A 21-Year-Old’s Reflection

Since today is my twenty-first birthday, I thought it would be fitting to look back on everything that’s happened up to this point since my last birthday and figure out if where I am right now is where I actually want to be.

2013 was undoubtedly the worst year of my life; and I say that without the least bit of exaggeration. I went through a slew of severe manic and depressive episodes, dropped out of Berkeley, and was thrown in and out of psychiatric hospitals. I was rarely in the right state of mind because I was constantly dealing with anorexia, bulimia, anxiety, depression, and mania. After I was finally diagnosed with bipolar disorder, I couldn’t bear to leave my house or speak to anyone other than my immediate family. I was way past rock bottom and just about ready to give up.

Upon adopting my dog, Riley, things suddenly looked up for me. There’s just something about a dog’s love that’s completely different than that of a human’s. It feels pure and doubtless, and maybe that’s why my spirits were lifted whenever I spent time with him. He went with me everywhere, easing my anxiety and slowly integrating me back into the real world. Riley acted like a shield between me and others but at the same time made himself an easy topic of conversation by simply being there. With my anxiety controlled, I was able to get a job so I could start saving up some money. That, of course, didn’t last too long because I had a severe anxiety attack, stopped showing up to work, and moved to L.A. So I found another excuse to shut myself out from everyone else.

I’m not going to say that I’ve completely gotten over my anxiety by now. It’s still actually pretty terrible and my psychiatrist doubled my risperdal dose a week or two ago to combat it. But the difference between then and now is that I’ve found healthier ways to deal with it not just my anxiety but my depression as well. I am proud to say that it’s been seven months since I last brought a knife to my skin. That doesn’t sound that impressive but it’s a huge accomplishment for me.

What I really wanted to focus on is how much I’ve actually changed this past year. Like I just mentioned, I still have to deal with all my mental health issues but I seldom wallow in self-pity. I no longer blame myself for my shortcomings. Sometimes I’ll lose a battle with my anorexia or my anxiety or anything else but I’ve found a way to look at the bigger picture.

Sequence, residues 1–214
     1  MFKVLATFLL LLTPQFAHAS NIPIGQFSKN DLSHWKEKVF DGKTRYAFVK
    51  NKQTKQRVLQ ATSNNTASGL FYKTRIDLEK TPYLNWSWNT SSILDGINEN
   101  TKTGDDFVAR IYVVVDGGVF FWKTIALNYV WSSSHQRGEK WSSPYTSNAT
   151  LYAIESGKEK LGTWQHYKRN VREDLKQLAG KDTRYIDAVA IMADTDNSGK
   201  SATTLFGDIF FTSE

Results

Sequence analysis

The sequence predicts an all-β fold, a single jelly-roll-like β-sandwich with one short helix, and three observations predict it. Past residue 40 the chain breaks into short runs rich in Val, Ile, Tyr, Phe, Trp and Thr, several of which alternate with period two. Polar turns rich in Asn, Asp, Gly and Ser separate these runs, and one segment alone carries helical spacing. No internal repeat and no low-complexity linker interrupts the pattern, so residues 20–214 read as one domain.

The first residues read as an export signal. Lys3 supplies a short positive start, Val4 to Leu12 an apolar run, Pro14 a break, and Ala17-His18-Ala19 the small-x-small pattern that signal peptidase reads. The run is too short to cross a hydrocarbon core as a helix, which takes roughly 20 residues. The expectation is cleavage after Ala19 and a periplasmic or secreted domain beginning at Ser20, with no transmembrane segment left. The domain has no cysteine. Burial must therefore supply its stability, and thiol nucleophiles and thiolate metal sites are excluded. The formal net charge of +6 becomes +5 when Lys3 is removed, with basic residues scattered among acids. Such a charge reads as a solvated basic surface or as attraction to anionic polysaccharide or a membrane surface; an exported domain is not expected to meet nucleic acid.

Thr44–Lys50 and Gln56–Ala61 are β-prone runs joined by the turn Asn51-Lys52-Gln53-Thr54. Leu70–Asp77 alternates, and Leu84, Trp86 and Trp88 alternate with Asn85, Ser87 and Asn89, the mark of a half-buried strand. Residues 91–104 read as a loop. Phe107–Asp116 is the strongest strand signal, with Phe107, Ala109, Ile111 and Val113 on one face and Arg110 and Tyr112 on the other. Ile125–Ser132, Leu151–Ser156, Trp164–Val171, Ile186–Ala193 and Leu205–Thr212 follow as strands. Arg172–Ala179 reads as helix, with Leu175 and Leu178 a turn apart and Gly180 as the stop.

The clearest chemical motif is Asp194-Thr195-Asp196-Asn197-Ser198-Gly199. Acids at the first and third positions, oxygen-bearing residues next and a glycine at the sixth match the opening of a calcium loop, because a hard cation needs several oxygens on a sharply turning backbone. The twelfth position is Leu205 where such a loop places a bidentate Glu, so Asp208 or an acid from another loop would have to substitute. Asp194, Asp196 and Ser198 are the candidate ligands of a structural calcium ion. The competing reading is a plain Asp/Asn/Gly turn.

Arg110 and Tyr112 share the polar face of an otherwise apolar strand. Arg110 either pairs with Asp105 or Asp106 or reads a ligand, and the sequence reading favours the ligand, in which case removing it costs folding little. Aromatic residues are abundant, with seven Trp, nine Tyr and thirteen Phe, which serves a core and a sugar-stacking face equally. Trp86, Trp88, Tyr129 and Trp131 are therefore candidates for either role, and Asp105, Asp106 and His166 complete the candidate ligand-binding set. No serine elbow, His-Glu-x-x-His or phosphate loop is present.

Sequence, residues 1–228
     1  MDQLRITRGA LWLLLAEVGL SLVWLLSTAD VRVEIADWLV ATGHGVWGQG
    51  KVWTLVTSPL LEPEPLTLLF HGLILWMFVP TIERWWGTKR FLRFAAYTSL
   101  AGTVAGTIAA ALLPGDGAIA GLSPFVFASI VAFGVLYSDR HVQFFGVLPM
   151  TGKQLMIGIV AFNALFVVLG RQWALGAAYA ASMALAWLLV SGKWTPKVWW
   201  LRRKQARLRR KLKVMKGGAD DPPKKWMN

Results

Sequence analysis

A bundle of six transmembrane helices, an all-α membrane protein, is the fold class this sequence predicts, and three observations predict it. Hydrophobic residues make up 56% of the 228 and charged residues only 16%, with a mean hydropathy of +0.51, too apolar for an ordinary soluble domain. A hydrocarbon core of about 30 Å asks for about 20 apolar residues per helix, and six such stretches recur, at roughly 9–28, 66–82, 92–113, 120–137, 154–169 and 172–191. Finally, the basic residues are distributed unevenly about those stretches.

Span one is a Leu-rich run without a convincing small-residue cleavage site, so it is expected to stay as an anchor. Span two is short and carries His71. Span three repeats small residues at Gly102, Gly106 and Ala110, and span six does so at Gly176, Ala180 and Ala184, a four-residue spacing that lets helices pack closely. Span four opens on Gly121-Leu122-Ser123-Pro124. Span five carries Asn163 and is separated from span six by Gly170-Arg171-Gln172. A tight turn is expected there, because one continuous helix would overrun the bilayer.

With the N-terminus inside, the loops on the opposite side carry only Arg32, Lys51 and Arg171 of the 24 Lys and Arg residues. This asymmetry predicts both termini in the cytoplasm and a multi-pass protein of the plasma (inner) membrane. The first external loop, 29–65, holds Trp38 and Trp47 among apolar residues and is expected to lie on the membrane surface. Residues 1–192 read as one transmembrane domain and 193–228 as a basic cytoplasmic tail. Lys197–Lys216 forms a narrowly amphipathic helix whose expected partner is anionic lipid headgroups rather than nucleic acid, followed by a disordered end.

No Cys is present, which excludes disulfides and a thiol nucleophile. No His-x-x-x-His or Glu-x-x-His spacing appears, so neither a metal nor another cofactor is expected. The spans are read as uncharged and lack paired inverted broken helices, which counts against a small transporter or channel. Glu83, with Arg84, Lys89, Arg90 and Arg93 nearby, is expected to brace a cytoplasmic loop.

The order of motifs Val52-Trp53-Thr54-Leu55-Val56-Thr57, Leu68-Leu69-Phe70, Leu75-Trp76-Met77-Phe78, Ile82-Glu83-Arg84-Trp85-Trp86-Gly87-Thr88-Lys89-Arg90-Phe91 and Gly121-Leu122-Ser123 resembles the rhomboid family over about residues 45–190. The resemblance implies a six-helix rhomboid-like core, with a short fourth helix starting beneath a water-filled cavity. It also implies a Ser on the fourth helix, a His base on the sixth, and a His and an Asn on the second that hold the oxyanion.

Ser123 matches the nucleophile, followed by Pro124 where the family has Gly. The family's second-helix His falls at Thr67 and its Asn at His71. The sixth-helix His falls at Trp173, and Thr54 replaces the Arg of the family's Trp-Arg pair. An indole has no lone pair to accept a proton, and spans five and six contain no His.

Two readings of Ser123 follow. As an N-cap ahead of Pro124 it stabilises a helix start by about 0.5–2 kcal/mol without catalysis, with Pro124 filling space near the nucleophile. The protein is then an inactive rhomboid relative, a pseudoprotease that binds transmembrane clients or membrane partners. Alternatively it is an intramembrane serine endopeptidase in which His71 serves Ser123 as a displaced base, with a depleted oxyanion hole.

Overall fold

I used to think that having these things over my head for the rest of my life was disheartening and unfair, but I’ve accepted it. Yes, I have trouble eating and am prone to extreme emotions but that’s not my fault. It’s really not anyone’s fault. Having these particular qualities means that from time to time I will be labeled as “different”, spoken poorly of, or possibly ostracised by others and that is demoralizing. But at the same time, I know that these are the type of people I wouldn’t want in my life anyway.

I don’t have a single doubt in my mind that these days I’m so much stronger and more confident than I have ever been. I’ve gone through so much already that I feel like I can get through just about anything else that life throws at me. As cheesy as this sounds, I have a new perspective in life and I’m finding the courage to pursue my dreams and aspirations. I’m not as terrified as I used to be to be myself.

I no longer see myself as this horrible person who deserves nothing, but rather someone who is actually pretty great and has the ability to work for what she wants.

So maybe I didn’t plan to be where I am in life right now but I think it’s safe to say that I’m okay with it.

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6 thoughts on “A 21-Year-Old’s Reflection

  1. After my dad passed, my mom suffered from depression and was admitted to a mental institute. At the time I thought, i’m fine, why aren’t you? I still feel guilty about it till this day. Thankfully she too found comfort in her two dogs. Their love is unconditional. Anyway, thank you for allowing us into your world. Hopefully it’ll give us a better understanding/perspective on mental disorders.

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